The metaphorical compass

One of the things that I gave short shrift to in my talk at All Things Open was the idea of metaphors and how they relate to culture.  Well, there were a few things I had to cut shorter than I’d like, but  I’ve had a few chats about metaphors and language since then and decided to get something written up.

Metaphors, as direct comparison and symbolic representation, have a strong effect on the way we perceive objects and actions.  Metaphors may be the only way we come to shared understandings on non-tangible cultural precepts like emotions or morals.  The choices of our metaphors show us what is valued in an organization’s culture.  Now, I’m not talking about “her eyes shone like the diamonds” or “you’re cold as ice” style of metaphor.  So what sorts of metaphors are we talking about here? 

Here’s some examples:

  • “James just isn’t a team player.”
  • “I haven’t seen that yet, can you ping it to me?”
  • “We need all hands on deck for this outage!”
  • “Sarah’s team is really firing on all cylinders this sprint!”

The metaphors of business and IT affect the way we see our jobs and our corporate cultures.  These metaphors come from a wide variety of sources and have differing impacts. Sports metaphors can drive more team focus into an organization, but one that highly values  competition.  The mechanical metaphors can drive efficiency around goals, but cause an organization to be goal-bound and less adaptable.  Biological metaphors can drive flexibility and cooperation, but cause an organization to be goal-less and less directed.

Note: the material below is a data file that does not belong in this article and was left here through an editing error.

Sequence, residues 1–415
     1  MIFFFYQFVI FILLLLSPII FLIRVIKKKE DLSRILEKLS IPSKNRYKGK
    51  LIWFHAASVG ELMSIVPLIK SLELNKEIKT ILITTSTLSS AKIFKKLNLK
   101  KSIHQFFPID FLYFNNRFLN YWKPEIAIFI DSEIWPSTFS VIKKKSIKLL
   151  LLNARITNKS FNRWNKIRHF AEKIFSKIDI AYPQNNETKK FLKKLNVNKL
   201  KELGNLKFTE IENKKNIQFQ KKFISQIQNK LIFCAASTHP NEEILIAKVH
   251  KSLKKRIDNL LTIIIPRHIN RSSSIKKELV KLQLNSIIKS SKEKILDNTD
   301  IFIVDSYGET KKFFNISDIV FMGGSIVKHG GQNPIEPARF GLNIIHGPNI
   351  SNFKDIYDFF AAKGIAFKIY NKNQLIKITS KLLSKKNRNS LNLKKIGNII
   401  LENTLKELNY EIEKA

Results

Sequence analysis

If we repeatedly hear our selves and roles referred to as “cogs in the machine”, our work characterized in “speeds and feeds”, or that upgrade “ran like clockwork” we begin to think about ourselves in those mechanical terms.  Most businesses use these sorts of mechanical metaphors in one way or another.  If we are measuring developer velocity, we are valuing the speed and efficiency of the development machine.  We have determined that the rate of change is a valuable goal and should be incented.  Measuring uptime optimizes for mean time between failures and mean time to recovery.

Our metaphors can induce blind spots and hamper decision making.  If velocity is the measure of success, then technical debt projects could be very hard to get started.  MTBF and MTTR could stop us from looking to resilience through distributed components that ignore individual failures.  A mechanistic view of the organization also can lead to issues with responsibilities; tasks might go undone waiting on a single person to complete, regardless of other skilled individuals who could take it on.

There are other more subtle effects of metaphor selection.  Take, for example, the job titles we use: “engineer” and “architect”.   Architectural engineers (structural, mechanical, electrical, etc) work with real materials with known and testable stress points to build buildings.  Architects design the structure, determine impact, select materials,  and co-ordinate these engineers to execute the design.  In software, we’d like to say we do the same things and we use the same labels.  But I think you’d be hard pressed to find a software engineer who could tell you about the breaking strain throughput of a Java process or have a reasonable way of finding / testing without resorting to brute force.  I think we ought to go back to “scientist” as our labels, because the practices of science (all failures are successes, hypothesize and test, etc) are better models for how we develop software than typical civil engineering practices.  That is possibly another post on it’s own.

How we talk about ourselves, our work, our lives has an impact on how we perceive and attach value.  Repeated or even preferred metaphors can tell you a lot about an organization’s culture.  If your manager told you to “go big or go home”, what would that mean to you?

Nota Bene: If you’d like to read more about the academic discussions around these topics, check out the Sapir-Whorf Hypothesis and the field of cognitive linguistics.

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